David R. Henderson  

Yay is for Apple

PRINT
Keynes and Central Planning... Open Borders and The Walkin...

After my devastating fire in 2007 in which I lost my computer, I switched from PCs to a Mac. I didn't fall in love with the Mac instantly, as my Mac friends predicted I would. It took about 6 months. About a year later, my wife switched also. We are now an all-Mac family.

Why do I mention timing? Because we bought a 3-year warranty on my wife's Mac when we bought it in 2008. Last week, my wife's LCD went haywire and she immediately called Monterey Bay Computer Works, because that's where we had bought it and we had been pleased with their service. We also knew that they would have a record of the warranty.

There was one little problem: the warranty had expired just 8 days earlier. Computer Works suggested that my wife call Apple and see if they would cut her some slack. It took being on hold for 10 minutes, but then she was transferred to the right person. Bottom line: they decided to bear the cost. I have in front of me an invoice from Computer Works for about $450 in parts and $99.00 in labor of which we paid--zero. Yay, Apple.


Comments and Sharing


CATEGORIES: Business Economics



COMMENTS (16 to date)
Chris Koresko writes:

Perhaps the economic lesson here is that part of the price premium Apple charges can go to better customer support than a commodity PC seller can provide.

Back around 1990, when PCs were expensive, you could get very good service from some of those vendors, too. When one of our lab's Dell machines had its monitor fail (within a few weeks), it took maybe three minutes on the phone to convince them to replace it. We had the new monitor the next day, with a pre-paid return box for the old one, no cost to us.

Today, PCs are a cheap commodity product: that $450 repair bill would buy you a pretty full-featured setup in the PC world. I don't know of any PC maker that charges ~50% above the usual price in exchange for exceptional customer support. I sometimes wonder if there's a niche for that.

John Hall writes:

Yeah I was just gonna say, $550 would get you an amazing new LCD these days.

Maxwell writes:

I had a similar experience with apple - the warranty on my ipod expired just a few days before I broke it. The guy at the genius bar (another phenomenal service) replaced it anyways. Most interesting part was that he did not even need to ask a manager!

Phil writes:

Yay Apple for engineering a product that would fail 3.02 years after the 3 year warranty kicked in. With regards to planned obsolesence, they nailed it!

darjen writes:

My 8 year old Asus laptop is still going strong without any major problems. I did have to get someone to re-solder the power jack though, that cost me $50. Maybe Apple is better on warranties and customer service because their stuff has more major failures.

Pandaemoni writes:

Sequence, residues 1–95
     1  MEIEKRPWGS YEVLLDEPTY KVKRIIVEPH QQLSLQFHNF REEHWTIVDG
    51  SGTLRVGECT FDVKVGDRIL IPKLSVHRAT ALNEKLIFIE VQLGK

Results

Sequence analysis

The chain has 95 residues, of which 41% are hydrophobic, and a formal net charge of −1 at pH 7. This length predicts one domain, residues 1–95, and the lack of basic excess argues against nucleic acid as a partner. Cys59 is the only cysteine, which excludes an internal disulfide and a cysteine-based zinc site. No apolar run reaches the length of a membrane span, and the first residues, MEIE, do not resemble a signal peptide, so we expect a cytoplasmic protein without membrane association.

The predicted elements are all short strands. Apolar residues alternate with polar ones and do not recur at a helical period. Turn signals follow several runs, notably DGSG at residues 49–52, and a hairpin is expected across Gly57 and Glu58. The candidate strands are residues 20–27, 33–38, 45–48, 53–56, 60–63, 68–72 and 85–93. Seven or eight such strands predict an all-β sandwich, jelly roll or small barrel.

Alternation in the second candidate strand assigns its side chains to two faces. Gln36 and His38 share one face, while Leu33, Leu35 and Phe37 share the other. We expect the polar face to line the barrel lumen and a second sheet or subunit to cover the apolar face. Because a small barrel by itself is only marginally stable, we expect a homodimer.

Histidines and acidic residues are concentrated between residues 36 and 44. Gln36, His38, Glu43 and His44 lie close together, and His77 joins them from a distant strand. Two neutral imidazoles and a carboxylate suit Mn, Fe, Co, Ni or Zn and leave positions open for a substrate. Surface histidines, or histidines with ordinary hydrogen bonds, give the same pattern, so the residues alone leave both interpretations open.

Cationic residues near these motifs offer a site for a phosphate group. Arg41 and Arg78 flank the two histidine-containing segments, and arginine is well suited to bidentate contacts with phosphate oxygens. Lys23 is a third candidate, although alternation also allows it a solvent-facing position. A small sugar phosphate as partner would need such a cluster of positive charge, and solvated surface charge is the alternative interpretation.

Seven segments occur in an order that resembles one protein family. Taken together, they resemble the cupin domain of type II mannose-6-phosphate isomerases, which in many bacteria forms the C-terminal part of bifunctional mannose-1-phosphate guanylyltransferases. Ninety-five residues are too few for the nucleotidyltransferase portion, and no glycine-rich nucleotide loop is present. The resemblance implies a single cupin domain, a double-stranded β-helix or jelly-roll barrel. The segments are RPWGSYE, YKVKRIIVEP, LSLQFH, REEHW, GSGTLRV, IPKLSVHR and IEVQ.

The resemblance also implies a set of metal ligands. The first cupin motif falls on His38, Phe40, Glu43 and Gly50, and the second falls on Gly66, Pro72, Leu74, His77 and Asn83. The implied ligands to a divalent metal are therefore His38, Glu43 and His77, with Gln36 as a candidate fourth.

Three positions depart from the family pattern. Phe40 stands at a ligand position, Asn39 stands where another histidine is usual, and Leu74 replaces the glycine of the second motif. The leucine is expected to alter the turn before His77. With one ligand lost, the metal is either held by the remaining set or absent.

Apple lost me when they tried to assert that jailbreaking their phones violated the Digital Millennium Copyright Act. (See http://www.wired.com/threatlevel/2010/07/feds-ok-iphone-jailbreaking/)

Apple can tell me that I voided the warranty, that's fine...Apple *wants* to be able to sue me for damages if I I try running unapproved apps. Jobs's personal campaign against Flash video also just strikes me as weird. Granted that Flash is a resource hog and clunky...but it's also pretty much standard and so a lot of content is geared to it.

I get the whole "benevolent dictator" routine that Jobs is into. He prevents people from doing thins he dislikes, and that in turn protects them from having bad experiences (and thereby protects the brand). It also "protects" people from various good experiences...though people are far more likely to remember the time their computer melted down or Flash made it slow to a crawl than they are to remember when "that program ran without a problem" or a video played as intended. It's essentially a point in favor of the benevolent dictatorship business model that you remember feeling frustrated...but you never remember that time you weren't frustrated.

It would be nice to have some of the built in programs that they do have though.

Arnold Ziffel writes:

About one year ago, one of our precious dogs chewed completely through the monitor cable on my Apple 30" monitor. Aaaahhhh!!!

I made an appointment at my nearest Apple Store, fully expecting to have to pay for the replacement cable and installation, and much to my shock, the Apple employee said, "I think we can take care of this." I told him this wasn't a warranty issue - it was a dog issue, he shrugged, had me sign the order allowing him to ship the monitor for repair. Three days later, I picked up the monitor and there was no charge!

Now, that's customer care.

yoshi writes:

@Pandaemoni

Apples doesn't support flash on mobile devices for a simple reason. It simply doesn't work on that platform. Why would a company support a proprietary standard that provides such an awful user experience on mobile devices?

And jailbreaking of phones (Apple's or others) IS a violation of DMCA. Which is an incredible stupid set of laws. Work to get it repealed. Don't bitch about it when a company takes advantage of it (and Apple is hardly alone here).

And really - I don't understand some peoples personal obsession with hating on Jobs.

Michael Stack writes: